As much as we know that sports is a metaphor for who we are, sometimes you need to look beneath the obvious for the connections. So before Smarty Jones -- who recently lost the Belmont Stakes, and an underdog bid for the Triple Crown, by a length -- races into the mists of media memory, it must be said that there is an important lesson to be drawn from his rise out of obscurity. Similar instruction, in fact, emerges from the Cinderella success of Funny Cide, who came tantalizingly close to capturing the Triple Crown last year. The lesson, which belongs on the business pages, not the sports pages, is compelling: It's time to get beyond the breeding. It's bad for your company. And bad for the culture. Consider that neither Smarty Jones nor Funny Cide had the impeccable bloodlines that handicappers lust over. Funny Cide was bought for just $22,000. Smarty's sire, Elusive Quality, commanded a pocket-change stud fee of just $10,000. And, as we know by now, Smarty's jockey and trainer were journeymen, knockabouts, with more grit than glamour on their resumes.
Why is it that we love these scrappy narratives but only after the initial burst of success? We're conflicted, you see. On the one hand, we're programmed to believe in the power of the pedigree. On the other, we cherish the underdog. But in our own business lives, we tend to make decisions based on the conservative calculus of breeding. How many of us have the courage -- or intuition -- to hire the Funny Cides and Smarty Joneses of our industries when they trot into our offices with talent and passion but not pedigree?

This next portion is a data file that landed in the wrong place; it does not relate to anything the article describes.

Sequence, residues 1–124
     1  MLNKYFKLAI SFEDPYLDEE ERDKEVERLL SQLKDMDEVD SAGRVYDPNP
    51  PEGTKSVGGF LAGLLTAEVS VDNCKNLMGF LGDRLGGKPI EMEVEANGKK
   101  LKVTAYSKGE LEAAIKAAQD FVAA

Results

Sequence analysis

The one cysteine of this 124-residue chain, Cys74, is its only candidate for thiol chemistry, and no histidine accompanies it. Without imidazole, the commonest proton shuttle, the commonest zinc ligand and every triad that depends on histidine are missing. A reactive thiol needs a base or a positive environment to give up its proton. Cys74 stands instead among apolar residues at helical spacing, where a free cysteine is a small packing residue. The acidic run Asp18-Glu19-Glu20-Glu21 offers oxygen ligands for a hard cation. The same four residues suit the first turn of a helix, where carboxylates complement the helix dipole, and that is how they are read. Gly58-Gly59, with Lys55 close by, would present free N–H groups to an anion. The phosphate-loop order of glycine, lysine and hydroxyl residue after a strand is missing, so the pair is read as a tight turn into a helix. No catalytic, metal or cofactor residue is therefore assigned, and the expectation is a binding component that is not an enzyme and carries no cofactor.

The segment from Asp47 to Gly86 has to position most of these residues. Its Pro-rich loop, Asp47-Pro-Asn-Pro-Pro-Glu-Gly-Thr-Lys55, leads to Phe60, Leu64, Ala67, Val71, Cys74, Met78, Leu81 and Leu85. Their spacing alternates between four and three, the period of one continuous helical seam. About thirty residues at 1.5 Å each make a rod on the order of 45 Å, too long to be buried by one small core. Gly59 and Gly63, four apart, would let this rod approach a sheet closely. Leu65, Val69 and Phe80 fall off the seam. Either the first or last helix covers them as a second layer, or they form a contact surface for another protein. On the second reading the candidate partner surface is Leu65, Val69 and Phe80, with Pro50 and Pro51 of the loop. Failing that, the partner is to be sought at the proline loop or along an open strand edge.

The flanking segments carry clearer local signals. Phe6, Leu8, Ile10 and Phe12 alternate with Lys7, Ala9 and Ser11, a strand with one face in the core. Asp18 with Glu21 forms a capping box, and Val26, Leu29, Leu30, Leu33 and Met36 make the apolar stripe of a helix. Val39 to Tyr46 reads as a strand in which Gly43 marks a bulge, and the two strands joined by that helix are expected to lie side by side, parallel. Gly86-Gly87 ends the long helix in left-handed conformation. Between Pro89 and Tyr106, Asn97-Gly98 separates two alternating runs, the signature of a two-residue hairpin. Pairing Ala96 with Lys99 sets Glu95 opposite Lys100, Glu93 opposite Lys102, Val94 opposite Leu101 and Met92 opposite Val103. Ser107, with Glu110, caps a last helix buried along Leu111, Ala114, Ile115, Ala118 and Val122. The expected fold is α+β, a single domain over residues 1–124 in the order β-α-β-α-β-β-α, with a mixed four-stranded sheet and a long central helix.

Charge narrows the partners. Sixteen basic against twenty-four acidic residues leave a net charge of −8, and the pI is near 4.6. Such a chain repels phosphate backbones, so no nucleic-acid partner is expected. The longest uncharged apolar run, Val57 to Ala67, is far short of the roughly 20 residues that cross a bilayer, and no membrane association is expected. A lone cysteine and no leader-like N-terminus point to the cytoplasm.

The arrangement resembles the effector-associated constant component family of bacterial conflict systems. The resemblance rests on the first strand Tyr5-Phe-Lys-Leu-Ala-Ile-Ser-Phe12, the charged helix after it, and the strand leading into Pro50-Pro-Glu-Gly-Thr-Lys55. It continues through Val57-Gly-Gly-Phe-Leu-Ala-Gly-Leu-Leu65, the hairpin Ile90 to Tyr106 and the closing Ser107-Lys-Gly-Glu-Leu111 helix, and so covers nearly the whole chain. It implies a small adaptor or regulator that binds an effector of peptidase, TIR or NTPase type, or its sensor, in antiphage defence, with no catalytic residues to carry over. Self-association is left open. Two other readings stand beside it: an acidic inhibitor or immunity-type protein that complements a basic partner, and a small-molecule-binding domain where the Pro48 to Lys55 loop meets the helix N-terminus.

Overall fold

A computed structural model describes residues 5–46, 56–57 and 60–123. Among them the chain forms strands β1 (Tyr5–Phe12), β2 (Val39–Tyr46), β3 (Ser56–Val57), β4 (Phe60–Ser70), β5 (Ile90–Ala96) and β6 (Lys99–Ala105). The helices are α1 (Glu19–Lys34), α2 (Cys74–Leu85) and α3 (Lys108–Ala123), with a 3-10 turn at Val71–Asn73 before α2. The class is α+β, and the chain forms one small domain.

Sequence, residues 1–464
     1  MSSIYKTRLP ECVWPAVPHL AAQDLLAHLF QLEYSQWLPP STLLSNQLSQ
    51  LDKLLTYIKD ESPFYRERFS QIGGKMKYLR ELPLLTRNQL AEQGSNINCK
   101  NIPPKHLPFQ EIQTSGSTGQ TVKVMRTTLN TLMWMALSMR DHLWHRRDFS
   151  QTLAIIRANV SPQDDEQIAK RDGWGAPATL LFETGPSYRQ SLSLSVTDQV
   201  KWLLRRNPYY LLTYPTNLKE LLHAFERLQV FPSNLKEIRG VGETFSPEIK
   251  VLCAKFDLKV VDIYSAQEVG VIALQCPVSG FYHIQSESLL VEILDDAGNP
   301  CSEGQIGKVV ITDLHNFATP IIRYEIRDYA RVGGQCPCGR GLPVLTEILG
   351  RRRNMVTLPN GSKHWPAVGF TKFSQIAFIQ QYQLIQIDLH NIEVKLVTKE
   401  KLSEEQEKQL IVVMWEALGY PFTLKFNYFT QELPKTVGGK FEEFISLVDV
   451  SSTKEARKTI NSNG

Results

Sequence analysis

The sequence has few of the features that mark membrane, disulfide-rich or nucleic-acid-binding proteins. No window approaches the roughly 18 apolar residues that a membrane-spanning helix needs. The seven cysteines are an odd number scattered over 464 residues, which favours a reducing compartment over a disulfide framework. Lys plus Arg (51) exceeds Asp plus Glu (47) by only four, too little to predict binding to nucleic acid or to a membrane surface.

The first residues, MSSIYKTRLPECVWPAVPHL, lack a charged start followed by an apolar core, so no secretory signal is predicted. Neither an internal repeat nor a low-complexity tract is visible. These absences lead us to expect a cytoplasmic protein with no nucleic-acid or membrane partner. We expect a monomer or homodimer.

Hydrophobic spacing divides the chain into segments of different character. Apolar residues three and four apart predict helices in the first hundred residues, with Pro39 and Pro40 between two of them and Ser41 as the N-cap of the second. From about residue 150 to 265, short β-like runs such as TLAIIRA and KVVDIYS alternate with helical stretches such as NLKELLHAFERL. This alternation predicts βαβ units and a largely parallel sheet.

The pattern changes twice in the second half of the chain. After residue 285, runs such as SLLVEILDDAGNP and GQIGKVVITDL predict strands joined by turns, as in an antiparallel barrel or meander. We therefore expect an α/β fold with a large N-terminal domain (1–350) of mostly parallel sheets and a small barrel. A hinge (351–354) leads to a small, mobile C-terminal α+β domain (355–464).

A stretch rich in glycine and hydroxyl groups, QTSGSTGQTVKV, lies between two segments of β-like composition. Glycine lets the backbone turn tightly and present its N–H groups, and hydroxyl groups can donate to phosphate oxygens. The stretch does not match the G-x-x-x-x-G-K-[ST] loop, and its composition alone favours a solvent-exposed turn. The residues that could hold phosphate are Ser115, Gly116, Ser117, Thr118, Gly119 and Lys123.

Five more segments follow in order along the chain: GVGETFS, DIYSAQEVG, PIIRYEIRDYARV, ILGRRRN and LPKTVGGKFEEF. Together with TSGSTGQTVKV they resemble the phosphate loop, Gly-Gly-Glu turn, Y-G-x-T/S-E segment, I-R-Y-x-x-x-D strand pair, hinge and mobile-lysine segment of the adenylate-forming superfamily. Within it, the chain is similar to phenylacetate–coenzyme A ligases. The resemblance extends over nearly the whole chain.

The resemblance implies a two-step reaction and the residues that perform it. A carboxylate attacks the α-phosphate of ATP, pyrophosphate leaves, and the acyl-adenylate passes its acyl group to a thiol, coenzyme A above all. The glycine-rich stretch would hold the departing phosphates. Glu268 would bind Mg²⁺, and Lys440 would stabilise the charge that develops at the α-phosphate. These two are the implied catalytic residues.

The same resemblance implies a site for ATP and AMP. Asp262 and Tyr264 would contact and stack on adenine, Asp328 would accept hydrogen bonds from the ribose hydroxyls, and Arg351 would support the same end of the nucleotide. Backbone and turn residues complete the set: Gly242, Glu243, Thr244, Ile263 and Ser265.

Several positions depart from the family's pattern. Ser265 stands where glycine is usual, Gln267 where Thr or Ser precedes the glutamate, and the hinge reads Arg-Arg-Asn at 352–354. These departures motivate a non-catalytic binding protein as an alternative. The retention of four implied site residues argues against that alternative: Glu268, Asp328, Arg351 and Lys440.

The short answer is, not enough -- and that's both ideologically and practically wrong. If we're true entrepreneurs, if we are truly trying to create a new and different business culture, then why are our stables all too populated by those who went to the brand-name colleges and worked for the brand-name companies? Part of it is the ADD world we live in -- the right school and employment history are a quick sales pitch. They go down easy. The long-shot approach is more difficult, more of a gamble.
Take Matt, a really smart marketing guy who works for me. When I introduce Matt to clients and tell them he's a graduate of Harvard Business School, I generally don't need to say much more. Matt is now vetted. Now, the fact is that Matt is terrific at what he does. But part of me feels guilty for taking the easy way out. I'm like the horseplayer who only bets on favorites when I should be working harder to find the other Matts out there, bred on less glamorous farms.
And in truth, when I look back, many of the best people I've hired graduated from schools without the marquee names you see decaled on rear windows by proud parents. Or have labored at companies you've never heard of. The reason they succeeded isn't just that they were good. They also had something to prove: that they were more thorough than the thoroughbreds. In much the same way, we sensed, imponderably, that Smarty Jones and Funny Cide understood their own lack of privilege. By contrast, some of my worst experiences have been with the people from the best schools. When I told a friend about this column, he e-mailed me back and said, "See! Your legion of Ivy League ex-assistants weren't entirely worthless."
These are some of the practical reasons to be pedigree-agnostic. The ideological reason is that every entrepreneurial venture is really a Smarty Jones in its own right. You're battling against competitors who look superior on paper, who are bigger brands in whatever industry you call home. How can we ask our potential clients to see us for what we're worth if we don't extend the same legacy-free objectivity to the people we hire? And once you find, hire, and promote your own Smarty Joneses, watch them capture the imagination of your company and the media that cover it.
Geneticists at Texas A&M are currently working on a project to identify genetic markers for successful racehorses by pulling apart their DNA. That's one research project I'm rooting against. There's nothing more wondrous than talent emerging from unexpected sources. It makes both business and ethical sense to seek it out. Yes, building an organization that way involves a degree of risk. But with the vast majority of new businesses failing anyway, if you were going to play the odds you wouldn't be reading me right now.
Adam Hanft is founder and CEO of Hanft Unlimited Inc., a Manhattan-based consulting, advertising, and publishing firm.